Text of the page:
Recently, I made a purchase that I could feel good about. Meandering through the produce aisles at my neighborhood grocery store, navigating the piles of verbosely marketed fruits and veggies, I plucked out a package of enticingly ripe blueberries. “Taste Me/ Do Good,” it told me. If I tasted this brand of blueberries, I’d act a part in the greater good of fairly traded, responsibly grown produce. At the same time, eating them would allow me to taste the ways the blueberries themselves were doing some kind of good: “Taste me do good.” Really, it was the marketing around the product itself that told me how to feel about my consumption of it and by extension my and the product’s participation in a larger economy of ethically produced goods. This object, like so many others branded good or bad, exemplifies the described and the real implications consumer behavior has for labor practices, market conditions, and public opinion. The object, in other words, has a lot to say.
And objects been speaking to us for a long time. Consumers in the nineteenth century experienced similar feelings of doing good by purchasing—or not purchasing—certain commodities aligned with unethical production practices. Slave-produced sugar, tobacco, and textiles were excoriated by antislavery activists. Alcohol, which contributed to growing incidents of domestic abuse and homelessness, was assiduously branded as a corrupt and corrupting influence on consumers. In one best-selling 1835 pamphlet, a frontispiece depicts beer barrels labeled “death,” “poverty,” “sickness,” and “grief,” in a brewery worked by tiny devils hidden from the public eye. Reformers and authors cautioned against buying into a market that neither did them good nor did good and sometimes actively hid their practices from public view. Our current movement toward greater ingredient transparency and fair trade is really an extension of the rhetoric of consumption that grew out of nineteenth-century reform movements.
But it’s not just good goods that matter, it’s our cultural recognition of the fact that they existed and our cultural knowledge of the conditions which necessitated them that are equally important as we advance further into a new century characterized by not-so-new activist efforts.
Today, consumer resistance is the stuff of viral media, tweeted, retweeted, slapped with a hashtag and shared with virtual social networks. The immediacy lent to such movements by instant publication and dissemination as activist sentiments spread to personal and national networks may give the sense that consumer resistance is stronger and more common today than ever. Yet, as economic historian Lawrence B. Glickman reminds us, boycotts have never not been an integral part of American consumer behavior and political protest. It may actually be more appropriate to call it “an American tradition.”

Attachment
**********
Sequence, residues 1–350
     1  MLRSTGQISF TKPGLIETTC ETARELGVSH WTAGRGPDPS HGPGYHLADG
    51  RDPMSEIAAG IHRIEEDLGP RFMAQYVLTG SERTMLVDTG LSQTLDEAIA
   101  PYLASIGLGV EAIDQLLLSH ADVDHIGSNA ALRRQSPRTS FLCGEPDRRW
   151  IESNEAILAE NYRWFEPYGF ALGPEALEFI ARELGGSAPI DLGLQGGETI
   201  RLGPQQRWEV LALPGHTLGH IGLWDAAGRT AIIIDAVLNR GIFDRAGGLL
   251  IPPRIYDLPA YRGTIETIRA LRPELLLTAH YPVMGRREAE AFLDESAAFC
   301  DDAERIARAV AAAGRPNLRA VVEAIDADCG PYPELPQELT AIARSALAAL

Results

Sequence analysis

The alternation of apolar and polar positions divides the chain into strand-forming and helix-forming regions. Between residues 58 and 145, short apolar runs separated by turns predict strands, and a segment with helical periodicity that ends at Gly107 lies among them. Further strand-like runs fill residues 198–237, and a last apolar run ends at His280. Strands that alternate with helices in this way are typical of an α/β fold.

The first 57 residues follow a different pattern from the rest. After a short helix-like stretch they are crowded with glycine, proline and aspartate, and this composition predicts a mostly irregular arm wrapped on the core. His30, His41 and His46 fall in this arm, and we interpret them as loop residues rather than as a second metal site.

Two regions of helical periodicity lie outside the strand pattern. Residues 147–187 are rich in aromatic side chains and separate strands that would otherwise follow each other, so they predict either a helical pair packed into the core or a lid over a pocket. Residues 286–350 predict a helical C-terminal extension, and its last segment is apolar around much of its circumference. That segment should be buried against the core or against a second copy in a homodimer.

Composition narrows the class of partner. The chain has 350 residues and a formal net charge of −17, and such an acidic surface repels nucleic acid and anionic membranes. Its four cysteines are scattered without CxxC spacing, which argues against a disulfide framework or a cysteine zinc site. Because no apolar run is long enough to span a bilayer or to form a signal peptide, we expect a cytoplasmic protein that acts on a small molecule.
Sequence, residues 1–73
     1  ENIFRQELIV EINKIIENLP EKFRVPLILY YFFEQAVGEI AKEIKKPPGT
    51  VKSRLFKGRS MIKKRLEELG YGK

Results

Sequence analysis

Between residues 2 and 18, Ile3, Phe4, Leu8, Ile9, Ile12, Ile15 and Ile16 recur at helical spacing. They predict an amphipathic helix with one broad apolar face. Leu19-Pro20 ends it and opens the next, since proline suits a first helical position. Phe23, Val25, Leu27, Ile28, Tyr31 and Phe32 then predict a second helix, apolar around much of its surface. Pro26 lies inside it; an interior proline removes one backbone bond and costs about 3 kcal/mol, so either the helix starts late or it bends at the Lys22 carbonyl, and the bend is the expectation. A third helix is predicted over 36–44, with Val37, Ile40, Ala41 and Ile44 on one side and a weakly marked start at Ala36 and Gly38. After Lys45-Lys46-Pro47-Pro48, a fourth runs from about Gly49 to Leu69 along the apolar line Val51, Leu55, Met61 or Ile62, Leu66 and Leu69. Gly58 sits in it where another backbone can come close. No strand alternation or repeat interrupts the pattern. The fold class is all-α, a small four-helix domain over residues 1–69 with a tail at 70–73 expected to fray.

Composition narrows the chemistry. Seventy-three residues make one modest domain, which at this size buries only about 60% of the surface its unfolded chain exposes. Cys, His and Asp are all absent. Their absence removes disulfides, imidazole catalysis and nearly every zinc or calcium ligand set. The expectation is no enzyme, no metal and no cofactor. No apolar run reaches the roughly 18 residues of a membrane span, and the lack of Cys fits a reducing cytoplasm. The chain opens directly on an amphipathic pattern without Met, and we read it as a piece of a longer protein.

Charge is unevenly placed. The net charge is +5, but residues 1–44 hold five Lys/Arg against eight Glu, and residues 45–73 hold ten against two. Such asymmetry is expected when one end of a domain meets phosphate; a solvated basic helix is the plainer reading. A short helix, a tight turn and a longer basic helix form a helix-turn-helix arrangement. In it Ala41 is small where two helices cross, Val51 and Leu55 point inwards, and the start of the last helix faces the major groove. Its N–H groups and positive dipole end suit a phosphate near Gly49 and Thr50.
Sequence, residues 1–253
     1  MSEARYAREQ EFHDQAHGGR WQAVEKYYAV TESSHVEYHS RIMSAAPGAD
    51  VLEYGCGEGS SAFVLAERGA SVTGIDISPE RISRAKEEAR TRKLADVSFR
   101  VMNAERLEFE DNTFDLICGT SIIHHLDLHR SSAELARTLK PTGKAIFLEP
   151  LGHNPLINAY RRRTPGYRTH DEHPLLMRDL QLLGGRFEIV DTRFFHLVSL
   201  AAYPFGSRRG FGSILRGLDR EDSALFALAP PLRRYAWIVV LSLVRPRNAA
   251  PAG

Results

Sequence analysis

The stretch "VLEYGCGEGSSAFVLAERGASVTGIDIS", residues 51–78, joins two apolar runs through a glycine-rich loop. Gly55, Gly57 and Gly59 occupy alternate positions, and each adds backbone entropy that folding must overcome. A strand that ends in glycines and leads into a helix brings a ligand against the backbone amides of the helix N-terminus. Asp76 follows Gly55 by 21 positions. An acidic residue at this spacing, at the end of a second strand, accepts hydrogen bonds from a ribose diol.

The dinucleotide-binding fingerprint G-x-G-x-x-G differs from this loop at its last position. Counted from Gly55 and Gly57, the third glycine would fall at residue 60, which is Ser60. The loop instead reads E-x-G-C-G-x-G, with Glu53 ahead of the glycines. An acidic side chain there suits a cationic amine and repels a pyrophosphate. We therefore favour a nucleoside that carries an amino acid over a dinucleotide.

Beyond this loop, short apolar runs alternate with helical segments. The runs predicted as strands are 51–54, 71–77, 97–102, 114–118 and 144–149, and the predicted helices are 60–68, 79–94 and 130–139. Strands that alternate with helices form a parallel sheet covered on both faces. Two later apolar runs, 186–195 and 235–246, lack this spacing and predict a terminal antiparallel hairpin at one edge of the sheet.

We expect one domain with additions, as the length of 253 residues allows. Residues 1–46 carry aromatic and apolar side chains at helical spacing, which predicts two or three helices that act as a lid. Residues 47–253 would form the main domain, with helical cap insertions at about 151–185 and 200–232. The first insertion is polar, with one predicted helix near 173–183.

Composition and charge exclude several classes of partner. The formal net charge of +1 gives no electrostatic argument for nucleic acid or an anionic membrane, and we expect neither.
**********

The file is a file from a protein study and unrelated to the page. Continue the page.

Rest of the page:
We’re part of that tradition when we shop with our conscience but we may not realize our own indebtedness to conscientious consumption movements of the past. My new digital public humanities project, Activist Artifacts, showcases the kinds of goods nineteenth-century reformers targeted in their work to create a better world. Organized around the objects associated with nineteenth-century reform efforts, the site allows the objects themselves to tell the story of consumer resistance and reform. Just as a handful of blueberries seeks to “do good,” the project seeks to do good by bringing awareness to a fascinating but overlooked part of American history, by making tools available to educators who share an appreciation for material culture, and by strengthening public understanding of the power that objects and print have in effecting change.
It’s part of our responsibility as consumers and citizens, especially if we want to “taste” “good” food and “do good” at the same time, to learn about the history and material culture of consumer reform. Because if we continue to insist on boycotting goods or companies that don’t do any demonstrable good or actively contribute to morally questionable enterprises–as we are increasingly emboldened and empowered to do–we ought to go into it understanding the history of modes and methods of consumer resistance. We can learn a lot from the objects that came before and the words activists used to describe them.
 Glickman, Lawrence B. Buying Power: A History of Consumer Activism in America. Chicago UP, 2009: 3.
 Cheever, George B. “The Dream: or the True History of Deacon Giles’ Distillery.” 1835. Thomas Hamilton, 1859.